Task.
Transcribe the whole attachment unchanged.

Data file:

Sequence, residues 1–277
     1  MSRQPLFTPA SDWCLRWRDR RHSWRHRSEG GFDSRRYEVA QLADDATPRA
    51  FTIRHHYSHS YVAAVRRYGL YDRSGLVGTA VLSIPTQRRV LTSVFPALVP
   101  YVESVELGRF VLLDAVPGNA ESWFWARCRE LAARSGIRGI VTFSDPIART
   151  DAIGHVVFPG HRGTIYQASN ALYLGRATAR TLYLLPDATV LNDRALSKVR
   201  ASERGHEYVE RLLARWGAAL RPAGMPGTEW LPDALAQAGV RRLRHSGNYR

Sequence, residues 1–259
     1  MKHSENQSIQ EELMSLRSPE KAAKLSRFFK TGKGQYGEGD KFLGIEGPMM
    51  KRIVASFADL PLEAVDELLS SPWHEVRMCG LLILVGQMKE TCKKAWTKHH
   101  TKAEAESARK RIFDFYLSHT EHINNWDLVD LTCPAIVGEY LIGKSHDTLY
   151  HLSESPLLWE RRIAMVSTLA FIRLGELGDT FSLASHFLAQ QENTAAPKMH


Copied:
Sequence, residues 1–277
     1  MSRQPLFTPA SDWCLRWRDR RHSWRHRSEG GFDSRRYEVA QLADDATPRA
    51  FTIRHHYSHS YVAAVRRYGL YDRSGLVGTA VLSIPTQRRV LTSVFPALVP
   101  YVESVELGRF VLLDAVPGNA ESWFWARCRE LAARSGIRGI VTFSDPIART
   151  DAIGHVVFPG HRGTIYQASN ALYLGRATAR TLYLLPDATV LNDRALSKVR
   201  ASERGHEYVE RLLARWGAAL RPAGMPGTEW LPDALAQAGV RRLRHSGNYR

Sequence, residues 1–259
     1  MKHSENQSIQ EELMSLRSPE KAAKLSRFFK TGKGQYGEGD KFLGIEGPMM
    51  KRIVASFADL PLEAVDELLS SPWHEVRMCG LLILVGQMKE TCKKAWTKHH
   101  TKAEAESARK RIFDFYLSHT EHINNWDLVD LTCPAIVGEY LIGKSHDTLY
   151  HLSESPLLWE RRIAMVSTLA FIRLGELGDT FSLASHFLAQ QENTAAPKMH